Against the field of architecture
In my never ending quest to justify my escape from architecture below is a passage gleaned from a Star Ledger article on 11/18/05.

Work Plus Study Equals Co-op Education
by Katherine Reynolds Lewis

Mike Gasaway of St. Clairsville, Ohio, wanted to be an architect from the time he was a kid playing with Legos. But co-ops showed him how much architects had to compromise their design ideas to please their clients.

Then, in his third co-op rotation through the University of Cincinnati, he was assigned to revise some floor plans using computer-aided design. And he loved it.

"I realized, I don't think I'm into this architecture thing. I'm into animation, and making things move," said Gasaway, now a director at DNA Productions, a Dallas-based television and movie production company.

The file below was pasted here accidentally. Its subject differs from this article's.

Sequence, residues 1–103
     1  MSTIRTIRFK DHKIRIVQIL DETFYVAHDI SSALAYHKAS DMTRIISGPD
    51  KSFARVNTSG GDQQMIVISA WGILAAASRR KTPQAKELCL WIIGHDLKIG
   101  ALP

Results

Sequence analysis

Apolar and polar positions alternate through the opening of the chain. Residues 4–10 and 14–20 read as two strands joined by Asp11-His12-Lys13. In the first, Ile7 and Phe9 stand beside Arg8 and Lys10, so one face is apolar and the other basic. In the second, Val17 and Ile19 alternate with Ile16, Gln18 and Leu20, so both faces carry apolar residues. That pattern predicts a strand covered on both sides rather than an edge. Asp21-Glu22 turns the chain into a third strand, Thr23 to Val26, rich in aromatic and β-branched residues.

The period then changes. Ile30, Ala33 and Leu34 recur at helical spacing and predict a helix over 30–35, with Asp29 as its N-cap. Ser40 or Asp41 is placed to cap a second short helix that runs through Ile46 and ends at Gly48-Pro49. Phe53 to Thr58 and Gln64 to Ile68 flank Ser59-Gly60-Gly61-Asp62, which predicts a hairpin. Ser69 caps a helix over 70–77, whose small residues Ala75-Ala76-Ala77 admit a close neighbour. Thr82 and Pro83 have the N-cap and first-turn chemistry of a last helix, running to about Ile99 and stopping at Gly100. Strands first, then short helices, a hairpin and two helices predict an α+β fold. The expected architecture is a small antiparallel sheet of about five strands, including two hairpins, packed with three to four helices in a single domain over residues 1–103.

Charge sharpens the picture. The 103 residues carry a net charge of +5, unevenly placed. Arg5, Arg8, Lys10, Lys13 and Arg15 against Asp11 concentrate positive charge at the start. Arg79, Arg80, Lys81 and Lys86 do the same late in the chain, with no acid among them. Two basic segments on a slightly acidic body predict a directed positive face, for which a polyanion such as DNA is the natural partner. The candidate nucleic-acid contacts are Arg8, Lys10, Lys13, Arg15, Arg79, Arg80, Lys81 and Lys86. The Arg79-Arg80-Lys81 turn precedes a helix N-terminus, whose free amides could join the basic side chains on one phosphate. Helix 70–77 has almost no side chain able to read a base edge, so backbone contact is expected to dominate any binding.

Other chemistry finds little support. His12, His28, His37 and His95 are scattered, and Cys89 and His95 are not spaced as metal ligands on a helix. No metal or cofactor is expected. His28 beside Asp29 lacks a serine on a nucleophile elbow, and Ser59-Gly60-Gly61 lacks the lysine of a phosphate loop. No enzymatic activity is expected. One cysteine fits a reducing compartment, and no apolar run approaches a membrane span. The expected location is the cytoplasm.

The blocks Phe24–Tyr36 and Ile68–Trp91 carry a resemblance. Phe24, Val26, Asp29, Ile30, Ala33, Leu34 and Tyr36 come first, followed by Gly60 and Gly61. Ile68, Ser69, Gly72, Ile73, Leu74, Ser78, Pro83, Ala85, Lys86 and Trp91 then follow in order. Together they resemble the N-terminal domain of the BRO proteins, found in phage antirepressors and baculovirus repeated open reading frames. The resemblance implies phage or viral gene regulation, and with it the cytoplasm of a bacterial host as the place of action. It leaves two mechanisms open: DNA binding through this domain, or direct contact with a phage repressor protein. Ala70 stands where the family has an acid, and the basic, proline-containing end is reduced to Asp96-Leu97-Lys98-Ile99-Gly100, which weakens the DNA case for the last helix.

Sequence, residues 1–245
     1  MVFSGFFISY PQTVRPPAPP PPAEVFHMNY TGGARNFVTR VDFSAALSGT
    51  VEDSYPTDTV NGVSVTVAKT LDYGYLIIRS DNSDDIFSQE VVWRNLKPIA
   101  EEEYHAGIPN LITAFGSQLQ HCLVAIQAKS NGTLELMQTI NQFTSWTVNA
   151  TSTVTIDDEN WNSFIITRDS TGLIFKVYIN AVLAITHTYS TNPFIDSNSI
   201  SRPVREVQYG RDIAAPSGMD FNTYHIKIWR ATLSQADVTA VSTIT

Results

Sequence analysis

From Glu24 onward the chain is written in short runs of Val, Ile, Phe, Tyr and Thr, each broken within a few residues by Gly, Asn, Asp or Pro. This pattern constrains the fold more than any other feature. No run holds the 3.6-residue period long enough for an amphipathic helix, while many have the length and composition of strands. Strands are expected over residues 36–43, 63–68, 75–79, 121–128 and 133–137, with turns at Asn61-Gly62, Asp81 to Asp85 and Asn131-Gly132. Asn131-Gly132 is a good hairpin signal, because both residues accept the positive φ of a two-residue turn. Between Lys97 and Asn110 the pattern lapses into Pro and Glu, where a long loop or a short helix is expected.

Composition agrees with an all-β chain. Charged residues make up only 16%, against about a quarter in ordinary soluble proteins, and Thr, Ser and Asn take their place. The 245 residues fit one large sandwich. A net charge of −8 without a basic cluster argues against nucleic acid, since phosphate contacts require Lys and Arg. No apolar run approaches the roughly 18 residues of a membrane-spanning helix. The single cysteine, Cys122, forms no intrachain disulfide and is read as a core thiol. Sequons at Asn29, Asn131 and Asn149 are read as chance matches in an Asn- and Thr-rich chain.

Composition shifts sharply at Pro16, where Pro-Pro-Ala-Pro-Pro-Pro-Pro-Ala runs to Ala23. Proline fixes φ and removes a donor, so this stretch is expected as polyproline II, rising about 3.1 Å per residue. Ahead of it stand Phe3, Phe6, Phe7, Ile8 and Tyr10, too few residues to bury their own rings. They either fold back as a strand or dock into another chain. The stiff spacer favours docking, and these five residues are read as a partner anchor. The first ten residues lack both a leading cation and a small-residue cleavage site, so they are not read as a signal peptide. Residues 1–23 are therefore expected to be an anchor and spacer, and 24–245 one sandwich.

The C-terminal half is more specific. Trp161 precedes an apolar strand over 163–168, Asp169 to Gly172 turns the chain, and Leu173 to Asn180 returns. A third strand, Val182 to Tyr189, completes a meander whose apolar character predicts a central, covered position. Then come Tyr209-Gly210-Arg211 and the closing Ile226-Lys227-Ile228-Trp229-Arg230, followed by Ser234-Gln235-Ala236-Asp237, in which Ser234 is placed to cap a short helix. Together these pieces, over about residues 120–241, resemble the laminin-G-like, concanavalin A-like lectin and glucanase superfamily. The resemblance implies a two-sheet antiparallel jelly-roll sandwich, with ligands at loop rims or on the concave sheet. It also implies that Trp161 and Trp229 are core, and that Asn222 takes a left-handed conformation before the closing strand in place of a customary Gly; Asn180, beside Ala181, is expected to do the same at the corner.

Gasaway credits the co-op experience for saving him from a career that would've made him miserable. "It's like a test: Are you sure you want to do this for the rest of your life?" he said.
At 6:16 PM, Blogger [illegal] architect said...

haha, pretty interesting. i'd have to say that from my experience doing architecture and freelance work, the design should be beyond just 'pleasing the client'. the more i work and meet with new people, what a client wants isn't just a great design, but having the feeling that s/he was actually a part of it's process.

unfortunately the egos of architects get in the way of that, and most people feel that the input of a client is just background noise in the development of a project. "that client doesn't know anything they're talking about. i'll just make it look this way, cuz that's how i've always done it."

in the end, it becomes a one way project, and the client feels like he's doing nothing except funding it. when that happens they start to have the desire to reduce the costs and compromise the supplemental cuz they had no involvement in it whatsover. =P


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